In addition to the physical advantages (Bragg peak), the use of charged particles in cancer therapy can be associated with distinct biological effects compared to X-rays. While heavy ions (densely ionizing radiation) are known to have an energy- and charge-dependent increased Relative Biological Effectiveness (RBE), protons should not be very different from sparsely ionizing photons. A slightly increased biological effectiveness is taken into account in proton treatment planning by assuming a fixed RBE of 1.1 for the whole radiation field. However, data emerging from recent studies suggest that, for several end points of clinical relevance, the biological response is differentially modulated by protons compared to photons. In parallel, research in the field of medical physics highlighted how variations in RBE that are currently neglected might actually result in deposition of significant doses in healthy organs. This seems to be relevant in particular for normal tissues in the entrance region and for organs at risk close behind the tumor. All these aspects will be considered and discussed in this review, highlighting how a re-discussion of the role of a variable RBE in proton therapy might be well-timed. PMID:25686476

  15. Imaging and microtomography facility at the ESRF beamline ID 22

    NASA Astrophysics Data System (ADS)

    Weitkamp, Timm; Raven, Carsten; Snigirev, Anatoly A.

    1999-09-01

    At the ESRF micro-fluorescence, imaging and diffraction ((mu) - FID) beamline ID 22, a microtomography setup has been operational for several months. The coherence properties of the high-energy (10 to 70 keV) X-ray undulator beam at ID 22 make the setup especially suited for phase-contrast tomography including possible holographic reconstruction, but it has also provided to be well adapted to absorption tomography. A fast- readout, low-noise CCD camera makes time-resolved imaging possible. Recent developments in magnifying X-ray optics such as Compound Refractive Lenses (CRL) and Fresnel Zone Plates (FZP) open up the field of magnified-X-ray imaging with a resolution of less than 300 nm. Imaging techniques using a 'pink beam,' i.e. a beam with limited monochromaticity obtained by filtering one harmonic from the undulator spectrum, can increase flux in intensity-limited experiments.

  16. Microfocusing at the PG1 beamline at FLASH

    PubMed Central

    Dziarzhytski, Siarhei; Gerasimova, Natalia; Goderich, Rene; Mey, Tobias; Reininger, Ruben; Rübhausen, Michael; Siewert, Frank; Weigelt, Holger; Brenner, Günter

    2016-01-01

    The Kirkpatrick–Baez (KB) refocusing mirror system installed at the PG1 branch of the plane-grating monochromator beamline at the soft X-ray/XUV free-electron laser in Hamburg (FLASH) is designed to provide tight aberration-free focusing down to 4 µm × 6 µm full width at half-maximum (FWHM) on the sample. Such a focal spot size is mandatory to achieve ultimate resolution and to guarantee best performance of the vacuum-ultraviolet (VUV) off-axis parabolic double-monochromator Raman spectrometer permanently installed at the PG1 beamline as an experimental end-station. The vertical beam size on the sample of the Raman spectrometer, which operates without entrance slit, defines and limits the energy resolution of the instrument which has an unprecedented design value of 2 meV for photon energies below 70 eV and about 15 meV for higher energies up to 200 eV. In order to reach the designed focal spot size of 4 µm FWHM (vertically) and to hold the highest spectrometer resolution, special fully motorized in-vacuum manipulators for the KB mirror holders have been developed and the optics have been aligned employing wavefront-sensing techniques as well as ablative imprints analysis. Aberrations like astigmatism were minimized. In this article the design and layout of the KB mirror manipulators, the alignment procedure as well as microfocus optimization results are presented. PMID:26698054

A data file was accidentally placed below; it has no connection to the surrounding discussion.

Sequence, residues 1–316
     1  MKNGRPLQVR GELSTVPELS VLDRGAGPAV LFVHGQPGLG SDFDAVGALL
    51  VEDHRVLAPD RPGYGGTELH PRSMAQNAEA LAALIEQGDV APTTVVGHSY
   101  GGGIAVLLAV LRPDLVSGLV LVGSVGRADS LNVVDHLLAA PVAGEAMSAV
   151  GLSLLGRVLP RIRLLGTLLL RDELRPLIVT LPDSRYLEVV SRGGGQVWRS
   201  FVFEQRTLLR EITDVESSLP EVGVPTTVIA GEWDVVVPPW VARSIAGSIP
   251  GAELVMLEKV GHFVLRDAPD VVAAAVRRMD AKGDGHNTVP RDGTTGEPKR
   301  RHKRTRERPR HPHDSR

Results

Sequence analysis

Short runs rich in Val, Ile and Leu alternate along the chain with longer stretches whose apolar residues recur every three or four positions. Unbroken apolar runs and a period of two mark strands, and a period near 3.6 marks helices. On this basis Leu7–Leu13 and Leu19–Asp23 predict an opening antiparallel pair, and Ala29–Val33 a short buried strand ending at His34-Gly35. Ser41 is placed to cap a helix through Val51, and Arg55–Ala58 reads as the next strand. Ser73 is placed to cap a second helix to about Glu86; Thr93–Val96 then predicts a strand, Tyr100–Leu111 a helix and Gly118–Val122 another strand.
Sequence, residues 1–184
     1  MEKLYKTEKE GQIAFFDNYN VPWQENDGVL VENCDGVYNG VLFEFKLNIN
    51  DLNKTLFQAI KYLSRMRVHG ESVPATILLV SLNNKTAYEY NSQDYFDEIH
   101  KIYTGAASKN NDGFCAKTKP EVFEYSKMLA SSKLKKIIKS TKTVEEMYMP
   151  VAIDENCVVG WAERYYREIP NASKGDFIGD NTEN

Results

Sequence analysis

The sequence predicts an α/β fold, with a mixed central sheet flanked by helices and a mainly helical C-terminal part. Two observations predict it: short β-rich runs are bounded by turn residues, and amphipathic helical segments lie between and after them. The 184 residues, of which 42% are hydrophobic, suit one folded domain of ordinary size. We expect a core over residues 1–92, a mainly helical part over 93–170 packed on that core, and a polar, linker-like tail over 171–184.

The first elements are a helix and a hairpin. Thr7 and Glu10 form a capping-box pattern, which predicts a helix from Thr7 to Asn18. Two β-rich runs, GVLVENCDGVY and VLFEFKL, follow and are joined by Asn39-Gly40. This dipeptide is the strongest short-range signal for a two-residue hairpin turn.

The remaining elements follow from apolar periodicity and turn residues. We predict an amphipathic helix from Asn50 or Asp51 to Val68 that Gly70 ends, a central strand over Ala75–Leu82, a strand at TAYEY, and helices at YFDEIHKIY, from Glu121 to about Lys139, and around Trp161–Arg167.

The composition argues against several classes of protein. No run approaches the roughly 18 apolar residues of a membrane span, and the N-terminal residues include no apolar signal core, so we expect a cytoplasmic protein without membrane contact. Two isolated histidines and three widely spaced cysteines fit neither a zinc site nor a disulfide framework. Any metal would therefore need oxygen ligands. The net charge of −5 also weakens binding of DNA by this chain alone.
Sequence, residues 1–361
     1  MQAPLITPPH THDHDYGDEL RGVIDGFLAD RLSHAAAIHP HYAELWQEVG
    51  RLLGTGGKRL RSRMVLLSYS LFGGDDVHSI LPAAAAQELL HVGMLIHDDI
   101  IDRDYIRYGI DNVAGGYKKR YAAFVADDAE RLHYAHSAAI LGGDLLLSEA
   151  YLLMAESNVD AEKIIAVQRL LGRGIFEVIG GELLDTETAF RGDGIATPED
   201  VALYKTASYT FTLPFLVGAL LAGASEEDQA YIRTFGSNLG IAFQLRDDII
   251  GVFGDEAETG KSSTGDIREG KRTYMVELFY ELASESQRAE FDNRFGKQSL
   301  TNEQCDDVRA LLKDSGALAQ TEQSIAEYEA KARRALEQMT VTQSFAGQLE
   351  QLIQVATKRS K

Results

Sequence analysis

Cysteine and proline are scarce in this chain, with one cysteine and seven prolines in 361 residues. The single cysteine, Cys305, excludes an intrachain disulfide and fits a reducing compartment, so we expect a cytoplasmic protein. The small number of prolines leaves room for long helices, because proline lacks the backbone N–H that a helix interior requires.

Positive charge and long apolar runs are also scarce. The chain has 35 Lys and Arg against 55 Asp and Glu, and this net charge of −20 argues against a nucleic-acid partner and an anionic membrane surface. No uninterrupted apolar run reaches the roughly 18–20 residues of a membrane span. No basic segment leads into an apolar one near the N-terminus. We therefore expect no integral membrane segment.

17. Development of a Niobium Bellow for Beamline Connections

    SciTech Connect

    Larry Turlington; John Brawley; Robert Manus; Stephen Manning; Samuel Morgan; Gary Slack; Peter Kneisel

    2003-09-01

    Superconducting cavities in an accelerator assembly are usually connected at the beampipes by stainless steel bellows. They operate at an intermediate temperature, compensating for alignment tolerances on the cavity beamlines and for thermal contraction during cooldown to cryogenic temperatures. This transition from one cavity to the next in a cavity string is typically of the order of 3/2 wavelength along with approximately half a wavelength taken up by the bellows. If one could incorporate a niobium bellows in the beam pipe, this distance could be reduced by half a wave length. In the case of a big accelerator such as TESLA the overall cavity length for the accelerator could be reduced by roughly 10% or 2000 m. In terms of cost savings this would amount to several million dollars. Based on this estimate we have begun to develop a niobium bellows to be used on a 2.75 inch diameter beamline. It is made from 0.3 mm thick niobium sheet, rolled into a tube and secured by a longitudinal full penetration electron beam weld; the weld is made with a high speed a narrow, focused beam reducing the heat affected zone, thus limiting the grain growth, which could affect the formability. Subsequently, two convolutions have been pressed into this tube in a 2-stage process, using an external die and a polyurethane internal expander. Niobium cuffs and flanges were electron beam welded to the formed bellows, which facilitated leak testing and allowed some measurements of compression/expansion and bending. In this contribution the fabrication process and the subsequent mechanical and vacuum tests with the bellows will be described.